Women who experience early menopause are more likely to have a heart attack or stroke than women whose menopause occurs at a later age, according to a new study by Melissa Wellons, M.D., assistant professor of Medicine in the Vanderbilt Division of Diabetes, Endocrinology and Metabolism.
Wellons conducted the research while working at the University of Alabama-Birmingham and it is published in the current issue of Menopause: The Journal of The North American Menopause Society.
She said the study is especially important because cardiovascular disease is the leading cause of death in U.S. women.
“My hope is that getting this message out will motivate women with early menopause to engage in the lifestyle and medical strategies known to reduce risk of cardiovascular disease — like controlling cholesterol, blood pressure and excess weight and by exercising,” Wellons said.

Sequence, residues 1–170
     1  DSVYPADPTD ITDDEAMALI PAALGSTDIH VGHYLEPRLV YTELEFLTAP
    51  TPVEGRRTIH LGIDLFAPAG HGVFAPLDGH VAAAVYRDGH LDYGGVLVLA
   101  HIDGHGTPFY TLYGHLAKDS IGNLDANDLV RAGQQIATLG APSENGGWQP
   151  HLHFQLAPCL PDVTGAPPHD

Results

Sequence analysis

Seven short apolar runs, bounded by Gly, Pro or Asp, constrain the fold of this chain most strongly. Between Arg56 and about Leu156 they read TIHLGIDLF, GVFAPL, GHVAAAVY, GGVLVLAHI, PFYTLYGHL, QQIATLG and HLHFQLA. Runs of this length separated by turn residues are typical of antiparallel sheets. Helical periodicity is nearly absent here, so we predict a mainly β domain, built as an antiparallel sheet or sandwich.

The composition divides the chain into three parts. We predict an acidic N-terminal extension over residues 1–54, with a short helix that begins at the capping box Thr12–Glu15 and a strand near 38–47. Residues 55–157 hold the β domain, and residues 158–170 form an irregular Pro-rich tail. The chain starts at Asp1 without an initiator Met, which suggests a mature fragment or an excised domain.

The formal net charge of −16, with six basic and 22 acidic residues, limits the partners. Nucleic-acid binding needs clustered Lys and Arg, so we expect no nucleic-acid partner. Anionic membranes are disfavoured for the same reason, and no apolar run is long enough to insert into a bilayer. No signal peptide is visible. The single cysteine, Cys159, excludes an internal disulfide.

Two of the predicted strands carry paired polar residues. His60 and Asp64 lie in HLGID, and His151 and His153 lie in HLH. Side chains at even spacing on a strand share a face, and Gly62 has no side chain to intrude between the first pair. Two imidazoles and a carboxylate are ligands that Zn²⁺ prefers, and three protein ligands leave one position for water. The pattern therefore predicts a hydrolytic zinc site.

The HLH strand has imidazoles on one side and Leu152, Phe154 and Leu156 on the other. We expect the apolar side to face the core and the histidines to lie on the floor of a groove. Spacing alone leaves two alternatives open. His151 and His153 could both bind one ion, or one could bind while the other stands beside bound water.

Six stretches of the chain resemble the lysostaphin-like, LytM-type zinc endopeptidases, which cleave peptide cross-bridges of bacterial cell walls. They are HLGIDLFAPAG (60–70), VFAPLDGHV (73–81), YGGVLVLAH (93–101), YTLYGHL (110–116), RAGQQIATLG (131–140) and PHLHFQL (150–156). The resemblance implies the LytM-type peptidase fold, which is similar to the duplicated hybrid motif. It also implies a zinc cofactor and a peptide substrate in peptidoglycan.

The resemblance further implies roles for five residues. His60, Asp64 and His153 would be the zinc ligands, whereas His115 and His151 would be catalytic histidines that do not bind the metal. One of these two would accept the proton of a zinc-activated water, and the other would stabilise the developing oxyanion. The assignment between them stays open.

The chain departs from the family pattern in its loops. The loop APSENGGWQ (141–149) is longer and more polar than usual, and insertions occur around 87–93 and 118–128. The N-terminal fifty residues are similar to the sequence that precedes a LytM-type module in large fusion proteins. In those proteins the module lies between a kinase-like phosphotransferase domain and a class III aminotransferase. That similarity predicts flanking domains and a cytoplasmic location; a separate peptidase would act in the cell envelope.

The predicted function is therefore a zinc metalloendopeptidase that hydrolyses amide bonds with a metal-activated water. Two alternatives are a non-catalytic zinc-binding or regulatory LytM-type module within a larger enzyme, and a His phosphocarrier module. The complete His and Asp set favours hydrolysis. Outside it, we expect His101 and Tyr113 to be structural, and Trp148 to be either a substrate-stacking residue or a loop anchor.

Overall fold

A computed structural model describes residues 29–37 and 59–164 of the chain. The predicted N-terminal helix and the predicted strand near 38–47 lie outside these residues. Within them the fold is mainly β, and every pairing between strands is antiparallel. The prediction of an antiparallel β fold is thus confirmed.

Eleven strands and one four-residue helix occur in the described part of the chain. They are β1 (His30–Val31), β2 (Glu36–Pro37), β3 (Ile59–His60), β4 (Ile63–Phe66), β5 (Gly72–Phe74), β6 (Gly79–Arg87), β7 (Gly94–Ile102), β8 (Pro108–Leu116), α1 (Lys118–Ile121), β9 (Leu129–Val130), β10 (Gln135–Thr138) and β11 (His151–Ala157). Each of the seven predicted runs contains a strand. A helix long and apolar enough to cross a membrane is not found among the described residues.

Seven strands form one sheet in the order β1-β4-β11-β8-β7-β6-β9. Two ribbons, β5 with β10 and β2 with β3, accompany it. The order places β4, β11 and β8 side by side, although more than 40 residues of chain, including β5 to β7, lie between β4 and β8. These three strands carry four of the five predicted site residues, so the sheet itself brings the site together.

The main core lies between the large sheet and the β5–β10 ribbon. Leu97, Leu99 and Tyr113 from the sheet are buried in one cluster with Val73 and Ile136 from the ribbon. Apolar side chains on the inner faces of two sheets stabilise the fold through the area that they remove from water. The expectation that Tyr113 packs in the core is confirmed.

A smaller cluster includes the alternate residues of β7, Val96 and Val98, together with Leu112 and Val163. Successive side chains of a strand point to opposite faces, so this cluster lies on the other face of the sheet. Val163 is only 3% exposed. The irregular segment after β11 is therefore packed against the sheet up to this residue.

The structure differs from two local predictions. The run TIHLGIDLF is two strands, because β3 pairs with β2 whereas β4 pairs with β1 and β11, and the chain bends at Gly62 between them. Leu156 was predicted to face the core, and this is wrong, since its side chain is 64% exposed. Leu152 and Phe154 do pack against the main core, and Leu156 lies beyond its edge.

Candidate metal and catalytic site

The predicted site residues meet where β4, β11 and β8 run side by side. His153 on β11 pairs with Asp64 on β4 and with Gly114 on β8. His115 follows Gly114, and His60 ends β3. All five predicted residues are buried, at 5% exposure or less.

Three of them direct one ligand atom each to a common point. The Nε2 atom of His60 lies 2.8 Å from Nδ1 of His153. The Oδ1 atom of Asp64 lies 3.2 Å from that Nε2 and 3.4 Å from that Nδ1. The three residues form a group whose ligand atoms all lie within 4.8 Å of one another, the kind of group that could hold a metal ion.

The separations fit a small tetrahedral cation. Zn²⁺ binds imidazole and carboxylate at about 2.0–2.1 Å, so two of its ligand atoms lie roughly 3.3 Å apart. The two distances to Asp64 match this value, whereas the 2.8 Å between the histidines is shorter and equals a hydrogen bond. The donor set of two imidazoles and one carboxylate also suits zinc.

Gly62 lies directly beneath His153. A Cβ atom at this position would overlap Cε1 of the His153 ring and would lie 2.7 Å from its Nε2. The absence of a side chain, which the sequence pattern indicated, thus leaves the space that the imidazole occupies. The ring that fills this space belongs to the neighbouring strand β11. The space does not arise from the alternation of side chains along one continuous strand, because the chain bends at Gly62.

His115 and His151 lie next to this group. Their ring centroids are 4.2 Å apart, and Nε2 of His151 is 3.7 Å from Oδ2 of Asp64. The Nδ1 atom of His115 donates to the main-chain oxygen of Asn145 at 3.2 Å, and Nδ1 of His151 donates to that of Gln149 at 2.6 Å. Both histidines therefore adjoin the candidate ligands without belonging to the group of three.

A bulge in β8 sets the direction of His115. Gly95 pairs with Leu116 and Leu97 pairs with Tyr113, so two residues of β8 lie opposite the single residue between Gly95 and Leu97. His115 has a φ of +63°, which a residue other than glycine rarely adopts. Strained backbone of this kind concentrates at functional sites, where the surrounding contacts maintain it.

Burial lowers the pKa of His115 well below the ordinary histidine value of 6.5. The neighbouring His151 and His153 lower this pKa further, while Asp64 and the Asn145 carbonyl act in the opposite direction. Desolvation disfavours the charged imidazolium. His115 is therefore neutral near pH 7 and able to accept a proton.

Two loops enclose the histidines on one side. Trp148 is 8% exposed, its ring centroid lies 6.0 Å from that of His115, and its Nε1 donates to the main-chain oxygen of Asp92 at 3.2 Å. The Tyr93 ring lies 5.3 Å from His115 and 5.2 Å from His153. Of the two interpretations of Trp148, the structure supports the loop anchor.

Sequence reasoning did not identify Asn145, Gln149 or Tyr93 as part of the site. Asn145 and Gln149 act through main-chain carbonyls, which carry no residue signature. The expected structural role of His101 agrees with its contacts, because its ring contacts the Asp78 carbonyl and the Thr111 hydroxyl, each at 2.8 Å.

The study looked at 2,509 women enrolled in the Multi-Ethnic Study of Atherosclerosis (MESA), with 693 reporting either surgical or natural early menopause before age 46. Women with early menopause were more often smokers, had diabetes and had a higher average BMI.
Within the study, early menopause in European, African-American, Hispanic and Asian women doubled the risk for cardiovascular disease when compared to groups experiencing menopause later in life.
“This is an observational study, so my colleagues and I can’t conclude that early menopause is the cause of future cardiovascular disease,” Wellons said.
“But our findings do support the use of age at menopause as a marker of future heart and vascular disease risk. Clinicians should consider asking questions about menopause when collecting a female patient’s medical history.”
The research was supported by contracts N01-HC-95159 through N01-HC-95169 from the National Institutes of Health (NIH)/National Heart, Lung, and Blood Institute (NHLBI).
Vanderbilt University Medical Center